Cisco Is Losing Business Through UCS, Says Blade CEO

Peter Judge has been involved with tech B2B publishing in the UK for many years, working at Ziff-Davis, ZDNet, IDG and Reed. His main interests are networking security, mobility and cloud

UCS was supposed to launch Cisco into the server market, but instead it has undermined the company’s data centre switch business, claims Vikram Mehta of rival Blade Technologies

Last year, Cisco’s announcement of the Unified Computing System was big news. The dominant player in Ethernet networks, Cisco, announced blade servers in a bid to annex a new territory and gain greater control over the data centre.

Since then, Cisco has claimed UCS as a success (and our review says it works), but others are suggesting it could have been a big mistake. Cisco is not all-powerful in Ethernet – and its data centre products do not have the leading edge, they say. Its servers are also still untried, so many users are preferring to stick with their existing servers from HP, IBM, Dell or whoever, and not go with Cisco for their data centre Ethernet.

That is the view of Vikram Mehta, chief executive of Blade Network Technologies, and it is not a surprising one, as Blade sees itself as a big Cisco competitor for 10Gigabit Ethernet ports within the data centre. When we spoke to him in January he was dropping hints about new technologies, the Unified Fabric Architecture launched today, as well as doing his best to point out weaknesses in what Cisco has done in the area.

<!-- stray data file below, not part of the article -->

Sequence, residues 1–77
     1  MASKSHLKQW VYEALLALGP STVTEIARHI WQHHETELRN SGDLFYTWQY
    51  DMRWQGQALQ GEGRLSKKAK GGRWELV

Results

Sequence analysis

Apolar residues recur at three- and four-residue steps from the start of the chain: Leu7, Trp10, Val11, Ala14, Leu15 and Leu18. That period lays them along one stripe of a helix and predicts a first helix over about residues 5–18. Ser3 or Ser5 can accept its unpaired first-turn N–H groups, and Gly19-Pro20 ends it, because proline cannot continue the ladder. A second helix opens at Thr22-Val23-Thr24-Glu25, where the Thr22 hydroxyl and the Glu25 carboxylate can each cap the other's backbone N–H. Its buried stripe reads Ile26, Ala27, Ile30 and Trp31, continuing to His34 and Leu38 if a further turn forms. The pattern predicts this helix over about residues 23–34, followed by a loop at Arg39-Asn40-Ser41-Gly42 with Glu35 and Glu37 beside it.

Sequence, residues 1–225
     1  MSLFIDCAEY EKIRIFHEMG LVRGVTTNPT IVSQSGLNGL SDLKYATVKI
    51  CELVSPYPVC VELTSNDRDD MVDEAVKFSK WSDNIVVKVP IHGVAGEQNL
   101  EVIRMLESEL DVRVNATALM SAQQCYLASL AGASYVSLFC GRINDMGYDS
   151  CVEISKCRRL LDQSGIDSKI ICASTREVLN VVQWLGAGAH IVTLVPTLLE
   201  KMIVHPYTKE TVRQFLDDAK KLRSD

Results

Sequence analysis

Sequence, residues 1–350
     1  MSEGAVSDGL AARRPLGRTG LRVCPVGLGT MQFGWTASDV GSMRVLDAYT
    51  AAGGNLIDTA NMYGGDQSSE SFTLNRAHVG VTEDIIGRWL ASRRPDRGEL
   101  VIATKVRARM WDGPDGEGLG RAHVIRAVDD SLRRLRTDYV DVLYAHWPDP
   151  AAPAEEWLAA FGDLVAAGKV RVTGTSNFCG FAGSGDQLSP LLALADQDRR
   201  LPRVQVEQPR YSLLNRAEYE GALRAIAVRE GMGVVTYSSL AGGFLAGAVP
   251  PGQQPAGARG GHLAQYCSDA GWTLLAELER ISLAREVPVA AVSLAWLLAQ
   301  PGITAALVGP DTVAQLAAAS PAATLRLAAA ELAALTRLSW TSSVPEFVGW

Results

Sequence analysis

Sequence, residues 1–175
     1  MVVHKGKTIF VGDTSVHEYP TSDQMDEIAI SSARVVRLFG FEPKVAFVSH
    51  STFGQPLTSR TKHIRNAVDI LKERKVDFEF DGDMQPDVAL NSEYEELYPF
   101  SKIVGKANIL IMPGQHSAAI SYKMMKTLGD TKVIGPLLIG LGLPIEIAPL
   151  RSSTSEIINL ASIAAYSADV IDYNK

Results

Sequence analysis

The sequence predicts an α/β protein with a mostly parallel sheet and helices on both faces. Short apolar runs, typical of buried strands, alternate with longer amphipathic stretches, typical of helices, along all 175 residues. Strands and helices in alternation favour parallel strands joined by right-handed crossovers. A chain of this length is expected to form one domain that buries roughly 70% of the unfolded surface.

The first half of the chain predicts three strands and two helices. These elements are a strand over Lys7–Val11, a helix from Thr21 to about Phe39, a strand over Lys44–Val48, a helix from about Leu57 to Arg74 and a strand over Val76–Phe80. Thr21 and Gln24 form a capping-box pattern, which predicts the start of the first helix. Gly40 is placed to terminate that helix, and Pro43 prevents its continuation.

“We have around 9000 customers worldwide, and they include 350 of the Fortune 5000 companies” said Mehta. Other Ethernet customers, including Cisco and Foundry (now part of Brocade) are more established, but their data centre offerings are not, he said. “The Ethernet in Brocade’s Fibre Channel over Ethernet product is not really Foundry Ethernet. It is less proven,” he says, and Cisco’s data centre product is not as strong as its other Ethernet.

“Cisco has two Ethernets”

“Cisco has two Ethernets,” he says. “The Catalyst switches use IOS which is not lossless, low power or low latency,” … all of which are needed in the data centre. “To use Cisco’s Data Center Ethernet, you need to rip and replace,” he said.

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By contrast, Blade only plays in the data centre, and only sells lossless, low power, low latency Ethernet: “that compares favourably to what Cisco is doing.” Taking only bladed data centres, Mehta reckoned Blade has 50 percent of the market. And, crucially, he added, “that share has increased by five to seven percentage points since Cisco announced UCS.”

The problem for Cisco, he said, is that customers adopting UCS are expected to replace servers from HP or IBM with Cisco blades, and they don’t want to. “In IBM data centres, 70 percent of ports are ours and 30 percent are Cisco’s.” (this despite IBM’s alliance with Brocade). In HP data centres, he reckoned Blade leads the four options HP backs, and has around 30 percent of those ports.

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